“I’m not a stray!” His voice cracked, louder and higher than he’d meant it to be, and he sank lower in his seat as half the bar turned to look at him.

But Dana grinned, exposing sharp fangs jutting from her lower jaw. “He’s got fire, at least. I like him more already.”

Tam elbowed him in the ribs. “There. Dana likes you, so you’re halfway to being part of the crew already.”

“What did she mean about the Captain?”

“Ah.” And Tam’s grin wavered a little. “So. When I said we weren’t a mercenary company, I… wasn’t entirely telling the truth. We’re what’s left of a mercenary company. Me, Rethan, Dana, Ariane, the twins-” she nodded to the pair of redheads at the bar “-Talan, and the Captain. And you, I suppose, if she likes you enough to add you to the roster.”

There was something she wasn’t telling him, he was sure of it. But at the same time, this seemed like too much of an opportunity to let slip by. “So. How do I convince the Captain that I’d be a good fit?”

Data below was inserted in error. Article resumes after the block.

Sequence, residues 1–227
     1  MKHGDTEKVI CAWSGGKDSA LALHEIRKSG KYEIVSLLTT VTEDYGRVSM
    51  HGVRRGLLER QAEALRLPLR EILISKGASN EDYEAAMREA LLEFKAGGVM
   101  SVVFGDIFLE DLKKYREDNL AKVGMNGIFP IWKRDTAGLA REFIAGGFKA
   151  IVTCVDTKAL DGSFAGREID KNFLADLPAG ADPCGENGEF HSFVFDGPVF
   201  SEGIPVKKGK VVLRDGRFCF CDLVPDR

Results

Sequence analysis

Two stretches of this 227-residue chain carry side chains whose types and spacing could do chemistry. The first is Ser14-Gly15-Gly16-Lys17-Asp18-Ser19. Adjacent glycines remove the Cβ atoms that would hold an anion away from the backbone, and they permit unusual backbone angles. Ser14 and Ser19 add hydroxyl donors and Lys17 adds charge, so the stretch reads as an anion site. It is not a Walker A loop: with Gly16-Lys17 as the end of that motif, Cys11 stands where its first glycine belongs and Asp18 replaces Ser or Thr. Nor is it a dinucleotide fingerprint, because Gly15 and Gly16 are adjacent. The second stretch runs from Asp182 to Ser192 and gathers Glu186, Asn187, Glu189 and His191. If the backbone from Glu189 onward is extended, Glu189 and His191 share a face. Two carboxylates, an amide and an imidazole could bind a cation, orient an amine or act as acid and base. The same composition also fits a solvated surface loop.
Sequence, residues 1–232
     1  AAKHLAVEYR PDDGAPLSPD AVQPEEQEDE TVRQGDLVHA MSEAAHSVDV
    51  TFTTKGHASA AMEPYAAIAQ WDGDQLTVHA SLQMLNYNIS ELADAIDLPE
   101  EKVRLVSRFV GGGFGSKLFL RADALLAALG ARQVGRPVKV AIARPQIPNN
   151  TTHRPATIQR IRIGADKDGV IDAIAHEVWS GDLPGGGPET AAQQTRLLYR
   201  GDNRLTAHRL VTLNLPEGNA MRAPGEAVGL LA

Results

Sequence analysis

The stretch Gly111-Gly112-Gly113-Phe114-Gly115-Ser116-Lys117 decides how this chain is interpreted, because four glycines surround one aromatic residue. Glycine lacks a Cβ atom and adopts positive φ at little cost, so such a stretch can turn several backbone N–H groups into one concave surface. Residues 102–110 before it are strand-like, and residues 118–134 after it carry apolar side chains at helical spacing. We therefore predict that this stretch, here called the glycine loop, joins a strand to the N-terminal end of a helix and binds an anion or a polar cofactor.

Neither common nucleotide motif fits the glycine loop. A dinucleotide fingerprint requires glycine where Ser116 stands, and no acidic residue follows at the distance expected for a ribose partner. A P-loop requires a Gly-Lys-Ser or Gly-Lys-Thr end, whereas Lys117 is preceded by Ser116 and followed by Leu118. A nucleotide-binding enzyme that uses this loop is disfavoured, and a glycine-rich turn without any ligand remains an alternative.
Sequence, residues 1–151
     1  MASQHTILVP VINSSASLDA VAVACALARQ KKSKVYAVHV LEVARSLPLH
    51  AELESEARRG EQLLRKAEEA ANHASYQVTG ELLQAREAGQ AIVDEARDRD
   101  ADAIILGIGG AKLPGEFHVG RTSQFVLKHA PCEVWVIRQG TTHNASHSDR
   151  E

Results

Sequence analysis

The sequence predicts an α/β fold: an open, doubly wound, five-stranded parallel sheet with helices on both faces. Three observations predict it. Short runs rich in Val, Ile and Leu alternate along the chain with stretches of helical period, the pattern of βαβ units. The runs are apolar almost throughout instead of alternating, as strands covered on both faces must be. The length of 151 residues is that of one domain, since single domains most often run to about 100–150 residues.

“We go and see her.” And now Tam definitely looked uncomfortable. “And then we find out.” She sighed. “Assuming she’s even going to talk to us right now.” She took a swig of her drink, frowned, then pushed back her chair. “Come on. Let’s get this over with, before I completely lose my nerve.”


Copyright © 2018 by Finn McLellan.  All rights reserved.